Further, these Jacobins were also known as “Sans-Culottes”, which meant those who were not wearing knee-breeches. Sans culottes men wore in addition, a red cap that symbolized liberty. However, women were not allowed to do so.

Jacobins planned a revolt in the summer of 1792 in which a large number of Parisians included, who were angered by the short supplies and high prices of food. On the morning of August 10, they stormed the palace of the Tuileries, massacred the king’s guards, and held the king himself as a hostage for several hours. Elections were held and only men of 21 years and above, got the right to vote. Later the assembly decided to imprison the royal family.

1792 When France Abolished Monarchy & Declared Republican

The newly elected assembly was called the convention. On 21 September 1792, the assembly abolished the monarchy and declared France a republic. Louis XVI was sentenced to death by the court, On the charge of betrayal of the country. And, he was executed publicly on 21 January 1793 at the Place de la Concorde. Queen Marie Antoinette met with the same fate shortly after.

The Reign of Terror

The Reign of Terror took place between September 5, 1793, and July 27, 1794. And, the ruling period of Maximilien Robespierre is referred to as Reign of Terror. Robespierre followed a policy of severe control and punishment. The member of the clergy, ex-nobles and other political parties, even members of his own party who did not agree with his methods. they were arrested, imprisoned, and then tried by a revolutionary tribunal. If the court found them ‘Guilty’ they were guillotined. The instrument consisting of two poles and a blade which is known as the guillotine. It was named after Dr. Guillotine who invented it.

Robespierre’s government implemented laws on wages and prices. Peasants were forced to transport their grain to the cities and sell it at prices fixed by the government. Churches were closed and their building converted into barracks or offices. Robespierre implemented the laws over the citizens so relentlessly that even supporters began to demand moderation. After a few days, Robespierre was convicted by a court in July 1794 and the very next day he was Guillotined.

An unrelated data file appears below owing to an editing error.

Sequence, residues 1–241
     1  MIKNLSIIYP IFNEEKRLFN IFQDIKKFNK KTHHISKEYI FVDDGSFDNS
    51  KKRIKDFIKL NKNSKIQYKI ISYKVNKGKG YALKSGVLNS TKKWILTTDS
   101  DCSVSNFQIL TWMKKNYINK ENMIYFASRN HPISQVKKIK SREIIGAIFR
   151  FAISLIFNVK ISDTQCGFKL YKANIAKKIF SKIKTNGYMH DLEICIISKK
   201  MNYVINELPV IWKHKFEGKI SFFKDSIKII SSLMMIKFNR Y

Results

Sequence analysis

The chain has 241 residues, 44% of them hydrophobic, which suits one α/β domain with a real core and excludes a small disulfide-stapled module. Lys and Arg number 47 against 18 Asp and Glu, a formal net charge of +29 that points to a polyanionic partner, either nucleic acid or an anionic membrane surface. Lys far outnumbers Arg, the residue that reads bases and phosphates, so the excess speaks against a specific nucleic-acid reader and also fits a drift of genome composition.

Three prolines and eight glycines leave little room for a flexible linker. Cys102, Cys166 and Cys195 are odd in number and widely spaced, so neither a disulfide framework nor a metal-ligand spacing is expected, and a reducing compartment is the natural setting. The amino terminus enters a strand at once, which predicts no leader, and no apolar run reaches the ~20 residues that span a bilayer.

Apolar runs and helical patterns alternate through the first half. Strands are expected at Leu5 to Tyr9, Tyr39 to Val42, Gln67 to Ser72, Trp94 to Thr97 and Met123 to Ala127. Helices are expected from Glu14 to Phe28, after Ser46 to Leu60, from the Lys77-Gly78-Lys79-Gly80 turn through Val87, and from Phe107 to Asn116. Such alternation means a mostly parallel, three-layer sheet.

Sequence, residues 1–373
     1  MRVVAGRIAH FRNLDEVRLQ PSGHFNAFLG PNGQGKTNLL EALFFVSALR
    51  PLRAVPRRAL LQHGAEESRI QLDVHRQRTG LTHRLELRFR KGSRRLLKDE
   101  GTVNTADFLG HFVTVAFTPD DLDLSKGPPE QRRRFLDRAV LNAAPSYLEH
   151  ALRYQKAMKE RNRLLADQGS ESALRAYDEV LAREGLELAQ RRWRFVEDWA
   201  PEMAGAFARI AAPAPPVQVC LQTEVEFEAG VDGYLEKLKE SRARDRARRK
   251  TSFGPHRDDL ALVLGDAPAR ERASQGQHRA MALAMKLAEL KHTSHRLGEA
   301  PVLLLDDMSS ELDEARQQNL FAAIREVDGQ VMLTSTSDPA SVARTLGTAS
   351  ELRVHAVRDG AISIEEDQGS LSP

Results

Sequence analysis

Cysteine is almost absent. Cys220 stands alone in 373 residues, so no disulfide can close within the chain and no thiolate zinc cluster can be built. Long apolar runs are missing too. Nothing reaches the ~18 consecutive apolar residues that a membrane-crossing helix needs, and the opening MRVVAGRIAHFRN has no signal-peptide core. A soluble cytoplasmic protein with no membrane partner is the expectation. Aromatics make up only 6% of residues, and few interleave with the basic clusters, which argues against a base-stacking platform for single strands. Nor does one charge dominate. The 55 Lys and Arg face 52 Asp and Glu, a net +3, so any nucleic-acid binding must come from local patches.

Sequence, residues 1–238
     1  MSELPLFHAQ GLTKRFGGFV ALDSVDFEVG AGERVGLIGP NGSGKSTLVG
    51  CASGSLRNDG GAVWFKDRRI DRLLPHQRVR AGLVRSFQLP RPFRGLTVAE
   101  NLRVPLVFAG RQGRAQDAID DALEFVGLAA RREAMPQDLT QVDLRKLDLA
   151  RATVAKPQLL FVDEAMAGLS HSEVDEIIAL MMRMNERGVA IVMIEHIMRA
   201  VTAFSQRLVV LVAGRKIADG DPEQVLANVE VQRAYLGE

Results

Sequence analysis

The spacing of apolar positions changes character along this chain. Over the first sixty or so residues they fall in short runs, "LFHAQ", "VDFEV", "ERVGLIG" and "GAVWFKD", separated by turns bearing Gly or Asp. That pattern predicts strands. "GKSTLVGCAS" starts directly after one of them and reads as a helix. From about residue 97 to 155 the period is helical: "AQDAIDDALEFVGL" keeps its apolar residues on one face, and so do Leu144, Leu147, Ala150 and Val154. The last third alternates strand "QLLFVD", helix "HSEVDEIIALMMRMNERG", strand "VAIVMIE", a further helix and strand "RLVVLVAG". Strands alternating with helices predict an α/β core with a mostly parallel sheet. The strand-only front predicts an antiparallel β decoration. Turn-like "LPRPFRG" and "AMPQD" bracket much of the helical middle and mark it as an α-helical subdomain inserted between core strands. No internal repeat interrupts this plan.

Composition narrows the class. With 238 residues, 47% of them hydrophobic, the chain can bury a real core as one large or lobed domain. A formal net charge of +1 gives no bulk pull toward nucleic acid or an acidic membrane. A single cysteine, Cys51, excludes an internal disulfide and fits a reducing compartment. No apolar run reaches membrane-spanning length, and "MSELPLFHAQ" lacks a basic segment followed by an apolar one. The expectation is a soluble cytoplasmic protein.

A Directory Started Ruling France

After, the fall of the Jacobin government the wealthier middle classes seized power and formed a new constitution that denied the vote to non-propertied sections of society. It provided for two elected legislative councils. then appointed a directory, an executive composed of five members. It was meant as protection against the concentration of power in the executive of each individual under Jacobin.

The Directory or Directorate was a five-member committee that governed France from 1795 when it replaced the Committee of Public Safety. On 9 November 1799, it was overthrown by Napoleon Bonaparte in the Coup of 18 Brumaire and replaced by the French Consulate. It gave its name to the final four years of the French Revolution.